To go from metaphysics to ontology is to raise again the question of what the real world is really like. As long as we remain in metaphysics, there is always the danger that deployment of the actors’ worlds will remain too easy because they could be taken as so many representations of what the world, in the singular, is like. In which case we would not have moved an inch and would be back at square one of social explanation — namely back to Kant’s idealism.
The danger cannot be exaggerated when we consider that the open-mindedness shown, for instance, by anthropologists about the ‘other’s’ cosmologies is often due to their certainty that those representations have no serious relation to the solid world of matters of fact. In the scholar’s tolerance for wild beliefs, a great deal of condescension might seep through. There may be thousands of ways of imagining how kinships bring children into existence, but there is only, it is argued, one developmental physiology to explain how babies really grow in the womb. There may be thousands of ways to design a bridge and to decorate its surface, but only one way for gravity to exert its forces. The first multiplicity is the domain of social scientists; the second unity is the purview of natural scientists. Cultural relativism is made possible only by the solid absolutism of the natural sciences. Such is the default position of the endless debates going on, for instance, between physical and human geography, physical and cultural anthropology, biological psychiatry and psychoanalysis, material and social archaeology, and so on. There is unity and objectivity on one side, multiplicity and symbolic reality on the other.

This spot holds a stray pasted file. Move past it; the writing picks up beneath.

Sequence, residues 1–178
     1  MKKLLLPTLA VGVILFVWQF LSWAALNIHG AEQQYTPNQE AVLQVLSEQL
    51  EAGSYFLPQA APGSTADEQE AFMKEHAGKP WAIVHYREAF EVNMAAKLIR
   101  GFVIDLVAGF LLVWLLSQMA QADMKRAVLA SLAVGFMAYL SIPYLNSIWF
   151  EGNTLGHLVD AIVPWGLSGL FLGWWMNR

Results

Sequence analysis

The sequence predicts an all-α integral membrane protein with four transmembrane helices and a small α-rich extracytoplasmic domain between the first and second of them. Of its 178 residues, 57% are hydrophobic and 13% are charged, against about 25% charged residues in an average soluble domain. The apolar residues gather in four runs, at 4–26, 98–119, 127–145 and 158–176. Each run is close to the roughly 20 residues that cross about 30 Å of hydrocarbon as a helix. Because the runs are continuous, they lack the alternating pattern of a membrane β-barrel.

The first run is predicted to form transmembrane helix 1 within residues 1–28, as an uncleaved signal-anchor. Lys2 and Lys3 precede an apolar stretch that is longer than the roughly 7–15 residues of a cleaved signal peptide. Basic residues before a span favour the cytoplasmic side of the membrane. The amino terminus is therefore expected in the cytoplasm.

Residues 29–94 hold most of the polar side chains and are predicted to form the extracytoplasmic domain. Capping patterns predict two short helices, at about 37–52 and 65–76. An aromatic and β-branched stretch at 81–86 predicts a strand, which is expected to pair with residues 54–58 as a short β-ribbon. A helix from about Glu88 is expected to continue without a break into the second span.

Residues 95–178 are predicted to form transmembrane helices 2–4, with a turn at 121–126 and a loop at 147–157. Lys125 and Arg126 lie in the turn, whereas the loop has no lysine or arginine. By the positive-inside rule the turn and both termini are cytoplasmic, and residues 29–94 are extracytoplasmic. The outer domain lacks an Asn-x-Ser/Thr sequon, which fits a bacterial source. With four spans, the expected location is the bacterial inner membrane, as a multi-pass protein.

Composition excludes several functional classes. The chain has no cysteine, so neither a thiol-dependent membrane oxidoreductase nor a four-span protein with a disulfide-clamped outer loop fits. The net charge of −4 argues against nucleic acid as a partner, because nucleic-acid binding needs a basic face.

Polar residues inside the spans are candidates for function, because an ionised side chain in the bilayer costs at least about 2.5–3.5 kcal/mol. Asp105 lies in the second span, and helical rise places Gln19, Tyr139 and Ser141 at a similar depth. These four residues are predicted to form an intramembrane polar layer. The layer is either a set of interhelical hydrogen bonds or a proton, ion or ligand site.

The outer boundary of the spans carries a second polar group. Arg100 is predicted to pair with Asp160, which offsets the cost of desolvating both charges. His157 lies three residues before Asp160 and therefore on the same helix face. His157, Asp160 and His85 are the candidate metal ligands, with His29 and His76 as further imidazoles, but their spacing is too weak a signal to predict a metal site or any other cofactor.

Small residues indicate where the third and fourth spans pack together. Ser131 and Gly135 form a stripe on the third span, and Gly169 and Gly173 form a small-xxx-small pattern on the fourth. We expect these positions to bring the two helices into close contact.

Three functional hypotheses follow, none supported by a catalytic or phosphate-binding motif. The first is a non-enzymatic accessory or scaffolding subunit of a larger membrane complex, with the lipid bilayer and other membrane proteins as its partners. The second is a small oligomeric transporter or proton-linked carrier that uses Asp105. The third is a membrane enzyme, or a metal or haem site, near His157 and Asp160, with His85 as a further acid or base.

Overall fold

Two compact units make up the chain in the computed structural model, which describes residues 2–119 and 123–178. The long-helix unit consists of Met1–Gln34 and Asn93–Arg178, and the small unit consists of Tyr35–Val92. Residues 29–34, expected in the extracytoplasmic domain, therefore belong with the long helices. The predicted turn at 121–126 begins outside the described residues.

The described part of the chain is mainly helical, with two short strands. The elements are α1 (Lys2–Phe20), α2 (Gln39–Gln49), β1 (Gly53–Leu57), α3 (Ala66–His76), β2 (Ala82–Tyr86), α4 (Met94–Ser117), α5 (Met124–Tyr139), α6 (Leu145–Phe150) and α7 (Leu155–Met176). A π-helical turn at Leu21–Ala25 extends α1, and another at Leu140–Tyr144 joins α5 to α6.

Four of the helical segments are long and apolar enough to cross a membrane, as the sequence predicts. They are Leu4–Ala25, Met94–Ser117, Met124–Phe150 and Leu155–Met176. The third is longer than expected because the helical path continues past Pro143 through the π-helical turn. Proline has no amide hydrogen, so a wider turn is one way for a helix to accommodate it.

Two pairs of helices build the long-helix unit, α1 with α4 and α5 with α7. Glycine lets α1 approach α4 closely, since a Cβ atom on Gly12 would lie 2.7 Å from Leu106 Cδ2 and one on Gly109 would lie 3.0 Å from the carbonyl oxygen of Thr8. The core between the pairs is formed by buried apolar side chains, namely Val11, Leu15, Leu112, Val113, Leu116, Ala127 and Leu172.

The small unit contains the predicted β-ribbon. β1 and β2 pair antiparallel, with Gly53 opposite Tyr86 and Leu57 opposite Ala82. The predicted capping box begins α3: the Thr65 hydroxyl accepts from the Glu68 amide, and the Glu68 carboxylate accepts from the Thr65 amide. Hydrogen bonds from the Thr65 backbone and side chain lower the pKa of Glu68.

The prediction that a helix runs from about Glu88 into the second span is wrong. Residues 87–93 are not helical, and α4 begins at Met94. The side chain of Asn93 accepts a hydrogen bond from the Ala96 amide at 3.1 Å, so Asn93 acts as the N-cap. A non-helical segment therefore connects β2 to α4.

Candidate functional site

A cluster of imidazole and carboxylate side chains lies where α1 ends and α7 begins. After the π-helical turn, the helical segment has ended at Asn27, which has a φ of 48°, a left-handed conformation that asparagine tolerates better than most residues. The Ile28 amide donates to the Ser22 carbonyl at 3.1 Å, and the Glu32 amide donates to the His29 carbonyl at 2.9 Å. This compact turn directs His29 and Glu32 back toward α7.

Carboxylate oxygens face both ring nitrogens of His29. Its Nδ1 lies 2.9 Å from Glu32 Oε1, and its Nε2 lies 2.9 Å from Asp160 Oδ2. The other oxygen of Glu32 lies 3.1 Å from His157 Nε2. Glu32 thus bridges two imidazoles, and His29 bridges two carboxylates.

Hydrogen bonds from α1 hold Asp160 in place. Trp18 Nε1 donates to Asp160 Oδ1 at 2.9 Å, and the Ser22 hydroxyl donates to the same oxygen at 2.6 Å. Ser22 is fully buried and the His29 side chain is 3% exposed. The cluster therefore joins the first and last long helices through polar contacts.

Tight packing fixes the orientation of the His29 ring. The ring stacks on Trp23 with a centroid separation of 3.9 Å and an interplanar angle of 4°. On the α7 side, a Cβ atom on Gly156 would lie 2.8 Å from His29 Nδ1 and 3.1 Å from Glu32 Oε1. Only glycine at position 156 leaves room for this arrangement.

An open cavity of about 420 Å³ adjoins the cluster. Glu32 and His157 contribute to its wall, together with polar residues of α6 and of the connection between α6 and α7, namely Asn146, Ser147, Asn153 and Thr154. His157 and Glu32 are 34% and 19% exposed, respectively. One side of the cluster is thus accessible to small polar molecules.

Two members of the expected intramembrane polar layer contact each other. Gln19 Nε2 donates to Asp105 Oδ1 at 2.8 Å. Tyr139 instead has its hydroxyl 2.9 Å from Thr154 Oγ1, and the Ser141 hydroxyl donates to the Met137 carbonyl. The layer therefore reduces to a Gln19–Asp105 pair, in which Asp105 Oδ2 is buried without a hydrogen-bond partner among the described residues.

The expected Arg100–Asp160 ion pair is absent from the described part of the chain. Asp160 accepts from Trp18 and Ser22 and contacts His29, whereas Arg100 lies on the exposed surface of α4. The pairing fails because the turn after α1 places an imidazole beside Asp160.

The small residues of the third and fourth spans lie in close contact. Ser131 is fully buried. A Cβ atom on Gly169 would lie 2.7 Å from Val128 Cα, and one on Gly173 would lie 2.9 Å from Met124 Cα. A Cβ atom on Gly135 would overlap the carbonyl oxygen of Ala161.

This is just the solution that ANT wishes to render untenable. With such a divide between one reality and many interpretations, the continuity and commensurability of what we call the associations would immediately disappear, since the multiple will run its troubled historical course while the unified reality will remain intact, untouched, and remote from any human history. But it’s not the case that shifting from social to natural objects means shifting from a bewildering multiplicity to a welcoming unity. We have to shift, yes, but from an impoverished repertoire of intermediaries to a highly complex and highly controversial set of mediators. Controversies over ontologies turn out to be just as interesting and controversial as metaphysics, except that the question of truth (of what the world is really like) cannot be ignored with a blase pose or simplified a priori by thumping on desks and kicking at stones. (I maintain the plural for ontologies to remind the reader that this unity is not the result of what the world is like at first encounter, but what the world might become provided it’s collected and assembled.) Even once reality has fully set in, the question of its unity is still pending. The common world has still to be collected and composed. As we shall see at the end of this book, this is where the social sciences may regain the political relevance that they seem to have lost by abandoning the ether of the social and the automated use of the critical repertoire that it allowed. There is no rear-world behind to be used as a judge of this one, but in this lowly world there lie in wait many more worlds that may aspire to become one — or not, depending on the assembly work we will be able to achieve.
Fortunately, we don’t have to solve those arduous questions all at once in order to do our work as sociologists. We don’t even have to deploy the complete set of agencies manifested by matters of concern. We simply have to make sure that their diversity is not prematurely closed by one hegemonic version of one kind of matter of fact claiming to be what is present in experience — and that goes, of course, for ‘power’ and ‘Society’ as well as for ‘matter’ and ‘Nature’. Once again, the key training for practicing ANT is negative at first.